Tremendas las afirmaciones de un artículo de Yahoo News (vía Smart Mobs, diamante en estado puro) en torno a cómo las familias actuales son multitarea y las tecnologías una peligrosa arma de doble filo. Había empezado a extractar algunos párrafos pero no tiene desperdicio. Ahí va enterito, con algunos subrayados de mi parte.
SAN FRANCISCO (AFP) – Modern families worldwide are striving for equilibrium in lives overloaded with technology, according to a study released by Internet search titan Yahoo and OMD media firm.
Computing and communications devices had people cramming an average of 43 hours’ worth of activity into a typical 24-hour day by «multi-tasking,» the survey, released Tuesday, concluded.
«Everybody multi-tasks,» said Mike Hess of Omnicom Group’s OMD unit. «The theme we saw was that people were looking for balance. Not wanting to give up cable Internet while wanting the kids to get out more.»
«There was also a return to basic values such as having dinner together, playing Monopoly or cards and taking vacations where they could disconnect for a while.»
Mexico, India and China had the highest multi-tasking rates, respectively packing 46, 45 and 44 hours’ worth of tasks into standard days.
At the more relaxed end of the spectrum were France with 34 hours and with 33. The United States came it at the average.
Typical «Internet households» on the planet had nearly 11 electronic gadgets, Hess said.
The online survey was conducted during the summer and involved 4,783 respondents in 16 countries in Asia, Europe, Australia and the Americas.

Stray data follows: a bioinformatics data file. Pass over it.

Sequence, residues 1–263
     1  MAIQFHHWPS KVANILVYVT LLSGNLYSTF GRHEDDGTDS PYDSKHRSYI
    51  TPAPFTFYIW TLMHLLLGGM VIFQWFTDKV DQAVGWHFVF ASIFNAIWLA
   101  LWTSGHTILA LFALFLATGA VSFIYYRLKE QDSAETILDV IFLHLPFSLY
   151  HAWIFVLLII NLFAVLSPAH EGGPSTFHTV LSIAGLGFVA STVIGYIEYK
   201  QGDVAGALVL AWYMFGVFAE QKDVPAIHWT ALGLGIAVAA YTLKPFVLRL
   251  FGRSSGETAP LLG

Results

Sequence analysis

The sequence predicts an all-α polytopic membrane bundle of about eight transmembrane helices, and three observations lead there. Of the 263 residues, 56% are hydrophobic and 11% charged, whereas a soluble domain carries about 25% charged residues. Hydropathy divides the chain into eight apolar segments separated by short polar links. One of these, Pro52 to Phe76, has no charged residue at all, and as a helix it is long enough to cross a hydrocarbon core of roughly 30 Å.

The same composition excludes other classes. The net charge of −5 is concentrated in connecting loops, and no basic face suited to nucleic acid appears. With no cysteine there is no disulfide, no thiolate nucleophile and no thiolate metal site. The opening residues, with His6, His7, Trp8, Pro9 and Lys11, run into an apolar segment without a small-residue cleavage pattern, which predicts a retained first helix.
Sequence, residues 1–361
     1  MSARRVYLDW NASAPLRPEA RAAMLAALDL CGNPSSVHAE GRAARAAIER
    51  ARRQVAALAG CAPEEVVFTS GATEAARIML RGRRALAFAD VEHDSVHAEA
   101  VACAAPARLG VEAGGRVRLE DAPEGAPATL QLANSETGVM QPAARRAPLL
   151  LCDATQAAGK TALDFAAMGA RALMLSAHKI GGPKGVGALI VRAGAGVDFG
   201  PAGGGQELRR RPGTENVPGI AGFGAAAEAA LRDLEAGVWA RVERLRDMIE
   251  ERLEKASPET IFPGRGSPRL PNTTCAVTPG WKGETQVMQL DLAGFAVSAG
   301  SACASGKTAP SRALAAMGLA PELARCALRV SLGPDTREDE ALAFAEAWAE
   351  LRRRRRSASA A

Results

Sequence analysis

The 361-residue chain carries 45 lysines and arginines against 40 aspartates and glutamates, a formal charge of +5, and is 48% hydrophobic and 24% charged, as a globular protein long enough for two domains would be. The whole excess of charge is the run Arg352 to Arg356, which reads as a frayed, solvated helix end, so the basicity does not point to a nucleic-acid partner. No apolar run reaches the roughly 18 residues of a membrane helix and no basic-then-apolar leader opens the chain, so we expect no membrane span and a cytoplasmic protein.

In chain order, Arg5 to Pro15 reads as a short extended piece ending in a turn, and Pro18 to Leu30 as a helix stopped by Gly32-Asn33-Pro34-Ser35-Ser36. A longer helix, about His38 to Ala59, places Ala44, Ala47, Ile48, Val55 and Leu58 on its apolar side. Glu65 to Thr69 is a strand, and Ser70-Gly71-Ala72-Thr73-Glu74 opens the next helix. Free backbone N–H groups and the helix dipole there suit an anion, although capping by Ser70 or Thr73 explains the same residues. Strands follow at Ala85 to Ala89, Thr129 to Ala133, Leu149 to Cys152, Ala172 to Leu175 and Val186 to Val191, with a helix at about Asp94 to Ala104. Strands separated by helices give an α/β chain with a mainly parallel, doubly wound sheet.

Responses painted a picture of modern families in which men do the cooking, women work and children are kings of home castles when it came to understanding technology, said Yahoo vice president Michele Madansky.
«Family 2.0 isn’t the Cleavers of the 1950s or the futuristic Jetsons,» Madansky said, mixing Internet jargon for the new-generation Web 2.0 Internet with references to classic television shows about small-town America and space-age family life.
«Father doesn’t always know best. He may not have a clue about what MP3 player is the best value, but daughter can be the expert because she spent time comparison shopping prices and features online.«
Division of expertise in houses has resulted in family decisions regarding purchases and other matters becoming more democratic, the survey indicated.
People credited e-mail, instant messaging and mobile devices with bringing family members closer, whether they be siblings living in different countries or parents of moody teen-agers.
«A lot of moms said they had surly teenagers who won’t talk to them in person,» Madansky said, «But over IM (instant messaging) they have much more dialogue than they ever would face-to-face.»
More than half of those surveyed said that without computer technology, they wouldn’t be able to stay in touch with friends or family.
Respondents credited the Internet with helping overcome shyness and being a homework aid for school children.
The survey also revealed that modern culture was veering from the tradition of «a family» consisting of a married heterosexual couple with children.
Findings indicated that only 33 percent of US online households were «married with children,» while the figures were 58 in China, 59 percent in India, and 57 percent in South Korea.
«Family 2.0 is two or more individuals that share connections of the heart, mind and spirit,» Madansky told AFP.
«It could be same-sex couples, a step family, couples getting together to have children and not getting married — there are a lot variations. It is happening more so in the Western countries.»
Technology is the backdrop to the «changing landscape» of modern families, Madansky said.
A challenge for marketers was to be pinpointing influential members of homes when it came to purchases and then get messages to them in ways that were welcomed, Hess said.
«Marketers need to enhance people’s lives instead of interrupting them in the midst of a busy day,» Madansky said. «And develop tools to make things easier in their lives.»
¿Qué os parece el panorama? Da que pensar… en múltiples direcciones.
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